so if i follow you correctly the sport doesn't have stabilitrac because it has a posi? actually asking not sarcastic.
no, a well set up posi only makes the tires spin at the same rate off road. but in high traction situations it will allow individual wheels to rotate faster for turning. so traction control can still be in place and working
its not ONE OR THE OTHER... But I understand you saying you would rather have electronic over mechanical if asked. But my old high hp twin turbo cummins didn't have traction control and would spin its posi dana 80 getting onto the freeway. I never once thought trac would be nice
btw, abs sucks off road, where sometimes you need to lock the tires to dig in and stop faster (terrain dependent)
and you're disregarding the fact that a brake system doesn't solve the problem with an open diff. power flows through the path of least resistance. so you have to brake a wheel hard enough to make the other wheel have equal or less traction (less traction is way more likely) so you're just throwing torque left and right and not splitting it to both wheels equally. which a clutch pack or gears or mechanical locker can do.
but in ice, having one wheel spin instead of two is better, you sway around far less.
so you may be correct if you're trying to state no system has no downfalls
but for this threads sake, auto lsd is a cheap gimmick that can't match the off road performance of a true lsd.
and I don't allow any vehicle stability control on my vehicles off road, it has never saved me, only compounded problems.
moggie? the mercedes unimog?
Originally Posted by 127.0.0.1
well yeah but no also
having the systems in place that can do AutoLSD via braking means
you also have other trac and stability modes a posi cannot do for you
so, yea focusing on just what is happening in the pumpkin, fine, posi
is better than autoLSD...but I will take autoLSD and the brake controller
system over any old-skool non-computerized any day any where.
Unless you are talking about a moggie. I would take a moggie and throw my Taco away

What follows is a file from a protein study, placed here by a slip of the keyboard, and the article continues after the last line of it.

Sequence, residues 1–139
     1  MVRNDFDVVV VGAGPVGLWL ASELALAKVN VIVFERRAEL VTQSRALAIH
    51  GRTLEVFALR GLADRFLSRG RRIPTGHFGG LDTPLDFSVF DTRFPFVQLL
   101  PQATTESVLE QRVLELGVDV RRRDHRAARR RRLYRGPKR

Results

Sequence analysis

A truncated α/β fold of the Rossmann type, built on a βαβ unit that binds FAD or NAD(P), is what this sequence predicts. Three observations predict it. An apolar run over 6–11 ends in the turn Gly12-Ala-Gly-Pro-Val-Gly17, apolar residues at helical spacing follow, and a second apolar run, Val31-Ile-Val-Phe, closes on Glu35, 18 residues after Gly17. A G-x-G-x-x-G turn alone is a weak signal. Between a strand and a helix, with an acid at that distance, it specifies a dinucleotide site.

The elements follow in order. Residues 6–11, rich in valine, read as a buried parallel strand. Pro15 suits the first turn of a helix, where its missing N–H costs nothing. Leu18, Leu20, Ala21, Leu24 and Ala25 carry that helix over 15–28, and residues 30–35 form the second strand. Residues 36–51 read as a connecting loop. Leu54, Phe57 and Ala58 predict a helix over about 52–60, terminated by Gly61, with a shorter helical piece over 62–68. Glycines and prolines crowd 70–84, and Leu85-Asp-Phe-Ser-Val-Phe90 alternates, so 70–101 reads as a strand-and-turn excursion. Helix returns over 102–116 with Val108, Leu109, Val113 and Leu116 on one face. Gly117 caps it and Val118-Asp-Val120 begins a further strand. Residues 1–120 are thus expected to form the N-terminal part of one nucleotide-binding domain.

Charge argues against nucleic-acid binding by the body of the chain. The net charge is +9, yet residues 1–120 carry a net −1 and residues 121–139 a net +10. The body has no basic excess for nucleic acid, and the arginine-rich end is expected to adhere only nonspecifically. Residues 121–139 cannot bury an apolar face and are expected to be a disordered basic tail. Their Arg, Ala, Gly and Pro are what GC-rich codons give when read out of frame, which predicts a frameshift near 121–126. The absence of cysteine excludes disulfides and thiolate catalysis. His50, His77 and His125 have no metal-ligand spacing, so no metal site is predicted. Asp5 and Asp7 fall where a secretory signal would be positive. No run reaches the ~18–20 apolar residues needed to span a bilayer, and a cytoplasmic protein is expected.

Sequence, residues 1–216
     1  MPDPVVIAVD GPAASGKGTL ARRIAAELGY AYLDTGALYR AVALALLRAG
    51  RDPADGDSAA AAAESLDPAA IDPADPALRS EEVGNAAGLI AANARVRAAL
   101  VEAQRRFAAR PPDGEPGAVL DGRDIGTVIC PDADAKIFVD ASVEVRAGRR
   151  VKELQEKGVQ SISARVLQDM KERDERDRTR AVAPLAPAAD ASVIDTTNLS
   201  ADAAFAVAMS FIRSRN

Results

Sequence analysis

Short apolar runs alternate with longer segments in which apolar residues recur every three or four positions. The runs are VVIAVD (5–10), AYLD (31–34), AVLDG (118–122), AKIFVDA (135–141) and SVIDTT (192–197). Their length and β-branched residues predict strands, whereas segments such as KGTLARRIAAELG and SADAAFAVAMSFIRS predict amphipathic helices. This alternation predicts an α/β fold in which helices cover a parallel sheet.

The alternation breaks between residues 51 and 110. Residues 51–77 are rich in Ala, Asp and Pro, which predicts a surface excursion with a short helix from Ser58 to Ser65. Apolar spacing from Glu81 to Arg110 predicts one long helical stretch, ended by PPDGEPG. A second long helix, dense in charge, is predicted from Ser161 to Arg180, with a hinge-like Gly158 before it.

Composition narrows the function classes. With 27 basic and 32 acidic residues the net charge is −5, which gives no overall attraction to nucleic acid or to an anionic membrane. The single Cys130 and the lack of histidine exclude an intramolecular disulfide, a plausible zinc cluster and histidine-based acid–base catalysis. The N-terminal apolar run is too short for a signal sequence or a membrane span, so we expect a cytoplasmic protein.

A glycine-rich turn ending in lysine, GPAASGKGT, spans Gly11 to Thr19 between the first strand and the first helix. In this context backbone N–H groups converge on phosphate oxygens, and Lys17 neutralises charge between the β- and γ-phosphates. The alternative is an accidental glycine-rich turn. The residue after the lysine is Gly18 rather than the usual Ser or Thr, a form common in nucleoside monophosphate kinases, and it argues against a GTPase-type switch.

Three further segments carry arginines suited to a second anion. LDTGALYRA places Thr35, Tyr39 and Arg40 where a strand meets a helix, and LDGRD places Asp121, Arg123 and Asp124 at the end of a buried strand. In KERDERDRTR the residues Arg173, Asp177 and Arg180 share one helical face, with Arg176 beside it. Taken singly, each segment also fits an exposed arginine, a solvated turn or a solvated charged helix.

in a differential, you have gears called spider gears that allow the axle shafts to spin in opposite directions... it sits inside a unit that houses it and is connected to a ring gear which is spun in one direction via a pinon (driven directly from the driveshaft). when wheel spin occurs, one shaft stays still, while the until spins around it, the spider gears will now do there thing and let the other shaft spin in the OPPOSITE direction which is forward.
imagine all that coming to an abrupt halt, and all the power must be transmitted through the spider gears, for thats where the power is transmitted via when you have wheel spin.
a posi, its a clutch pack and springs that sits inside the spider gears and pushs against everything to attempt to make them spin together, or resist spinning away from each other.
auto lsd can get you unstuck, it tries to use the best wheels higher friction coefficient. but can't use both wheels in tandem like a true lsd
Originally Posted by prerunner11
I don't want to derail this thread, but I'm not following you on the part saying that AutoLSD stresses the "system". Other than the brakes which are being used in the 09+ tacoma's to create an LSD, how is it putting any more stress on any of the parts than any other circumstance? The path of least resistance is changed for the power, so most (if not close to all) goes to the non-spinning wheel on the axle.
Back on topic...I know I've read it on here before but don't remember specifics. People have said that they were stuck, couldn't get 4wd to engage, and AutoLSD got them unstuck. Anyone with similar experiences?
the braking system on any car would not need to be beefed up. stopping a car 4000lbs at 100mph would incur exponential amounts of heat than slowing a spinning wheel.
they may have, but it is unnecessary to do so.
and you're skipping the inherent problem that these systems can compromise your axles longevity.
its cheap, a true lsd will stress the strong parts of your axle, but auto lsd directly stresses the biggest weakness which is the spider gears, they are physically much smaller and when wheel spin is occurring they can't stress the center section enough to alleviate there own stress and will break prematurely.
this is what typically breaks when people do 1 wheel wonder burn outs.
when you have equal traction, the spider gears lock the axles together and the center section will propel you, and when one wheel losses traction, the spider gears will start to spin.
i would rather replace a clutch pack than the internal gears of my diff because I wanted a cheap and effective auto lsd
look at this
Originally Posted by David K
The brakes of our trucks (and most cars) are made to be used much greater than we will ever need to (we hope). The brake pads are a relatively easy item to replace and part of the normal maintenance. Using the strongest component to achieve better traction is smart.
Putting extra strain on gears, that are far more expensive to replace, doesn't seem as wise, and a bit old fashion with this new traction technology being so widely utilized by top auto manufacturers.
Maybe instead of insulting Toyota technology with your Mall comment, you should accept that tens of thousands of Tacomas made after yours has AUTO LSD and TRAC, while the mechanical LSD was discontinued before 2009.